Carlos Bergfeld; Texas Tech Daily Net; Texas, USA
The world's first portable electronic Braille display is small enough to fit in a pocket and can even be rolled up like a newspaper. The display consists of a sheet of tiny plastic paddles that bend in response to a voltage. It is designed to connect to a cell phone or laptop, and could also replace the liquid crystal screen of an ordinary personal digital assistant (P.D.A.).
Existing dynamic displays for blind people use an array of pins that pop up when stimulated by piezoelectric actuators. But the smallest versions are the size of a phone book and weigh about 500 grams, mainly because of the rigid fibreglass board the actuators are mounted on. "It's moderately portable, but you certainly can't put it in your pocket," says Mr. Curtis Chang of the National Federation for the Blind in Des Moines, Iowa, U.S.A. At 3,800 dollars (or nearly one-and-a-half lakh rupees) each, they are also too expensive for most people.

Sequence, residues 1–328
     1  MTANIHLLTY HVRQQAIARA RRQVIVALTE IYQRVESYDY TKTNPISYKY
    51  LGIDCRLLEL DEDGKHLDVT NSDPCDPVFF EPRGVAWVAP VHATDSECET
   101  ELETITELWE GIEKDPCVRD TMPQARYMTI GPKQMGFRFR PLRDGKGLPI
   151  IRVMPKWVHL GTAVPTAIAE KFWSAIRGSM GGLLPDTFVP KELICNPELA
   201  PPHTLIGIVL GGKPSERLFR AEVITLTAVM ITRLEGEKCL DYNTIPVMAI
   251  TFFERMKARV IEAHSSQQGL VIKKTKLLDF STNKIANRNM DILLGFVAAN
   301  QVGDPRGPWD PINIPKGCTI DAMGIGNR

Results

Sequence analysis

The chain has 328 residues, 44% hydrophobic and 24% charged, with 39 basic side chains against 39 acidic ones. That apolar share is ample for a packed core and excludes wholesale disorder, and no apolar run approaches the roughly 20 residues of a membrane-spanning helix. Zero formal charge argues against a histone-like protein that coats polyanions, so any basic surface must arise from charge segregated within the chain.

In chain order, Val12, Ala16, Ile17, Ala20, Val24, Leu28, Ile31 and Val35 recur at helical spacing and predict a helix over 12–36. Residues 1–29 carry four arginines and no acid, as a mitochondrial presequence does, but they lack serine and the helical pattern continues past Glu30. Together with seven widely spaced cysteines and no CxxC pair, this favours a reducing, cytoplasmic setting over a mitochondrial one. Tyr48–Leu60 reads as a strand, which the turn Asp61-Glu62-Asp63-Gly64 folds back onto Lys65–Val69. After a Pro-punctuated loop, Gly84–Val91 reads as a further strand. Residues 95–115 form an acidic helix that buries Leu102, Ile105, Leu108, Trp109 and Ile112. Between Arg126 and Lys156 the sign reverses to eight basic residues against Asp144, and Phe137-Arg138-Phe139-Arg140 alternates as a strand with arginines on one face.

On display were the two Braille-displaying P.D.A.s, ‘BrailleNote’ and ‘BrailleNote PK’. The BrailleNote helps in taking notes, and users can play music, read books, type papers, surf the internet or sync up to a personal computer to download emails or other files.
Another device, the ‘Brailliant Braille Display’, allows blind users to use standard desktop or laptop computers. All of the Braille devices have refreshable Braille displays, which raise small dots through holes in a flat surface to create Braille that refreshes as the user inputs commands.